Peter Larkin reviews Oscar-nominated 'A Man Called Ove' (2015), directed by Hannes Holm."/> Peter Larkin reviews Oscar-nominated 'A Man Called Ove' (2015), directed by Hannes Holm." />
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REVIEW

The Local’s Swedish film of the month: A Man Called Ove

Film writer Peter Larkin reviews Oscar-nominated 'A Man Called Ove' (2015), directed by Hannes Holm.

The Local's Swedish film of the month: A Man Called Ove
The cast of 'A Man Called Ove'. Photo: Björn Larsson Rosvall/TT

Rolf Lassgård plays Ove, a bitter man in his sixties failing to find meaning in his life after his wife has died. Hannes Holm’s film is based on Fredrik Backman's popular novel En man som heter Ove (2012). Holm films a very grey Trollhättan housing complex which occasionally has a blue sky or the sun seeping through.

The film is a dark comedy as Ove, having been fired from his job attempts suicide only be repeatedly interrupted by an Iranian-Swedish woman Parvaneh (Bahar Pars) and her family among other neighbours.

Ove in present day is a man out of touch with his community with his endless rules and regulations of the housing area. Lassgård’s performance is an essential ingredient for the film with his broad build and his almost constant scowling at the many people he comes across.

Watch the trailer here:

Perhaps the biggest laughs in the film are when Ove returns a rope to a hardware store in a rage after it failed to do what he wanted, ‘who makes these ropes anyway? Amateurs I tells ya’ or words to that effect.

Another big laugh is when Ove encounters a clown with big shoes who won’t return Ove’s five-kronor coin after using it for a magic trick.

READ ALSO: More articles about 'A Man Called Ove'

Rolf Lassgård as the character Ove. Photo: Björn Larsson Rosvall/TT

A Man Called Ove was nominated for Best Foreign Language Film and Best Makeup and Hairstyling at this year's Oscars. It also won Best European Comedy at the European Film Awards and at the Guldbagge Awards (Sweden’s Oscar equivalent) it won the Audience Award, Best Actor and Best Makeup.

The film awaits a July release in my home country of Ireland where it will no doubt delight and move audiences. A man out of touch with society in general and his often politically incorrect remarks have amused audiences around the world. The audience are given the opportunity to emphasize with Ove’s character as flashbacks reveal how often he was unlucky in life.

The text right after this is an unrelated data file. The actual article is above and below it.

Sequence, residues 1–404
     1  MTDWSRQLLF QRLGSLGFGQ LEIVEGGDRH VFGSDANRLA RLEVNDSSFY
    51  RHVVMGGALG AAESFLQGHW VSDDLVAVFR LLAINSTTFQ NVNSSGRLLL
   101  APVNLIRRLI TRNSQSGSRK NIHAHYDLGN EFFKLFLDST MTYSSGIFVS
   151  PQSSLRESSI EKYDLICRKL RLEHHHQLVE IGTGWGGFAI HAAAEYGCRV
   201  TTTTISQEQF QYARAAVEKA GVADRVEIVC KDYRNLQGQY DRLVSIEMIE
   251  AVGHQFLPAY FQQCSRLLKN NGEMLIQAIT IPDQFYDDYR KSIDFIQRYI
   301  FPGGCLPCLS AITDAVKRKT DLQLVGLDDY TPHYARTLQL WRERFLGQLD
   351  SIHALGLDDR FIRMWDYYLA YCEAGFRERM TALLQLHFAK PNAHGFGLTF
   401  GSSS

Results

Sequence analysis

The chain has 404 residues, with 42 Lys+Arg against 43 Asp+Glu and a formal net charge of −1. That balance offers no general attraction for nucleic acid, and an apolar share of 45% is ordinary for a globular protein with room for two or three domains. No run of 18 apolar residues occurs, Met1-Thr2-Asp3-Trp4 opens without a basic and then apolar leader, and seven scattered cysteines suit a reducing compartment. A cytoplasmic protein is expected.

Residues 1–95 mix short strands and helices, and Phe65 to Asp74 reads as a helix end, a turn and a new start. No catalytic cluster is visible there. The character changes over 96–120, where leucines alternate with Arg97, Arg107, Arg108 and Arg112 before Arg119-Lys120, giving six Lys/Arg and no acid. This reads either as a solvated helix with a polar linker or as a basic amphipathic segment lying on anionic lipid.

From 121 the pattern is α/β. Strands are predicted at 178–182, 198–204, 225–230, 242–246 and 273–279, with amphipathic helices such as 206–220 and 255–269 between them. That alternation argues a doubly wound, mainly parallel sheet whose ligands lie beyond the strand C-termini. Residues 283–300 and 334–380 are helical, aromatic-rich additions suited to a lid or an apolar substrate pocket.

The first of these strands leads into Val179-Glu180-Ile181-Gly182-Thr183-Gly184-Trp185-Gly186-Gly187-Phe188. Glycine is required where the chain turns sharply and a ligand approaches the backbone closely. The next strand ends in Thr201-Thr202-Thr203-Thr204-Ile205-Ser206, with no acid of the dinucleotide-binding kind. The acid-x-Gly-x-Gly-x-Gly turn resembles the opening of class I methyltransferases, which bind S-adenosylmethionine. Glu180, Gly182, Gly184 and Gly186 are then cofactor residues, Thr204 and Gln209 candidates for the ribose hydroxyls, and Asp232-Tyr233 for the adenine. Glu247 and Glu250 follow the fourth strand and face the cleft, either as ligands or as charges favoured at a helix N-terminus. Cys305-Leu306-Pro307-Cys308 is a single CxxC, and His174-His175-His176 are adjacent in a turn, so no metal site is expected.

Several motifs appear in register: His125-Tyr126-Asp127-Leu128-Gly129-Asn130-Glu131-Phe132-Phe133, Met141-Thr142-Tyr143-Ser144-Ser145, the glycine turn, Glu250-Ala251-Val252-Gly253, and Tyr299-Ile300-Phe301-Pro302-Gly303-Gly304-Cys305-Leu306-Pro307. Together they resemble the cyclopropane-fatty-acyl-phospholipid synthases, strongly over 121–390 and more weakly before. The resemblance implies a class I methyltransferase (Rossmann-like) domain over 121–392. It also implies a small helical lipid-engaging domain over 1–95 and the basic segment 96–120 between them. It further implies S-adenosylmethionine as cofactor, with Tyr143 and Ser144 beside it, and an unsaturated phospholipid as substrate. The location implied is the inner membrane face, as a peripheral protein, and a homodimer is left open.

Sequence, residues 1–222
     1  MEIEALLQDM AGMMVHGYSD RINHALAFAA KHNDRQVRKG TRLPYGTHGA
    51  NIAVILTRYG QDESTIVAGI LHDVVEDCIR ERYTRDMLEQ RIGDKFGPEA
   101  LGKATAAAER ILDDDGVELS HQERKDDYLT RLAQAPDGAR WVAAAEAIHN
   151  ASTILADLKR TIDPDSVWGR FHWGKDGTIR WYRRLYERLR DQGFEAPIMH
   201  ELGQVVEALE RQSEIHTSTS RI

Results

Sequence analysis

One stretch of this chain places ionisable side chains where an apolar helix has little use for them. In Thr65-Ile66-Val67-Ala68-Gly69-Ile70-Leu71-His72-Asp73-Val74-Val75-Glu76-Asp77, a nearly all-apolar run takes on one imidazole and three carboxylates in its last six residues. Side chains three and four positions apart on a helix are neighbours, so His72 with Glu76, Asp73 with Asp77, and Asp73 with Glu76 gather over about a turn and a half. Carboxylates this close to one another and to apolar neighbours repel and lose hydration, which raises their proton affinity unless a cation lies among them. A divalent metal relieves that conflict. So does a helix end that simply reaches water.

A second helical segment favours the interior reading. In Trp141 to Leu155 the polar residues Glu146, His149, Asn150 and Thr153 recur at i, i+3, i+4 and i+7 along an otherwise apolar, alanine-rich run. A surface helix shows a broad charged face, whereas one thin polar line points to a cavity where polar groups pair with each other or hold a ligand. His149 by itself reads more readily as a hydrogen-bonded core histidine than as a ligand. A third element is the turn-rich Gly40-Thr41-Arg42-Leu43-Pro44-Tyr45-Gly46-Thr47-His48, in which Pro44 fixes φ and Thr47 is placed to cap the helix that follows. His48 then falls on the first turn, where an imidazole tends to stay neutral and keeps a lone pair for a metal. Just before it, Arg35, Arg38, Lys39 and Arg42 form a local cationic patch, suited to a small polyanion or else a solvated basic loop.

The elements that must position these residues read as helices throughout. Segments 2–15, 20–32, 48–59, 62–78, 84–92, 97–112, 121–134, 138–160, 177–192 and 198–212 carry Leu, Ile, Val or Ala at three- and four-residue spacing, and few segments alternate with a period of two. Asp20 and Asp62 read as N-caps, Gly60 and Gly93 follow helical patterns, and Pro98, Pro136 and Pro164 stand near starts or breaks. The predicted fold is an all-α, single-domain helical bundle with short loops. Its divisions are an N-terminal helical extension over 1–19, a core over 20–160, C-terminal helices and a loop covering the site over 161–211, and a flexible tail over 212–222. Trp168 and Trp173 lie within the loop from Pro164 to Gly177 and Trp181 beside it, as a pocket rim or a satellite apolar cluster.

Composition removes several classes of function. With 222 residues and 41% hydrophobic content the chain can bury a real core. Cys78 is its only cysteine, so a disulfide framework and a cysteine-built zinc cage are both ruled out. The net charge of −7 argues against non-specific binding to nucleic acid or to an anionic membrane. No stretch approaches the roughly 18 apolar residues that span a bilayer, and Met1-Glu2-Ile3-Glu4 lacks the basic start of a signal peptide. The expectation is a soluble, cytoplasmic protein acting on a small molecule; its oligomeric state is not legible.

Peter Larkin is an Irish film writer currently based in Sweden. Read his blog here.

READ ALSO: The Local's Swedish film of the month, March

READ ALSO: 30 Swedish films you must see before you die

MOVIE

The Local’s Swedish film of the month: Jönssonligan

Film writer Peter Larkin reviews Swedish classic 'Varning för Jönssonligan'.

The Local's Swedish film of the month: Jönssonligan
Gösta Ekman as Sickan in one of the other Jönssonligan films, 'Jönssonligan gets Gold Fever' (1984). Photo: SF

Legendary Swedish actor Gösta Ekman passed away earlier this year. One of his best known roles was as criminal mastermind Charles Ingvar 'Sickan' Jönsson.

Nine Jönssonligan films have been made between 1981 and 2015. Ekman starred as Sickan in the first four films. The films are based on an original Danish film series (The Olsen-Gang).

The first Swedish film was 'Varning för Jönssonligan' (1981, international title: 'Beware of the Johnson Gang').

Ragnar Grippe's light and thoughtful piano theme sets the audience up for what is an enjoyable film very much of its time. 

Sickan and his chums Rocky (Nils Brandt) and Ragnar (Ulf Brunnberg) plan revenge on villainous businessman Wall-Enberg (Per Grunden). It's innocent and fun, and no doubt very nostalgic for many Swedes looking back at the Stockholm society of the 1980s.

Ekman's brilliant comic timing is displayed in many scenes, such as his failed escape attempts from crime scenes. Brunnberg's lean figure stands in between the madness while he comments and cringes at certain moments. Brandt's physical strength is put to hilarious use as he blocks a villain from exiting a shed door.

Brandt, Brunnberg and Ekman together make a fantastic team as they scheme very elaborate plans to crack safes masterminded by Sickan. Ekman has great fun in the role.

Peter Larkin is an Irish film writer currently based in Sweden. Read his blog here.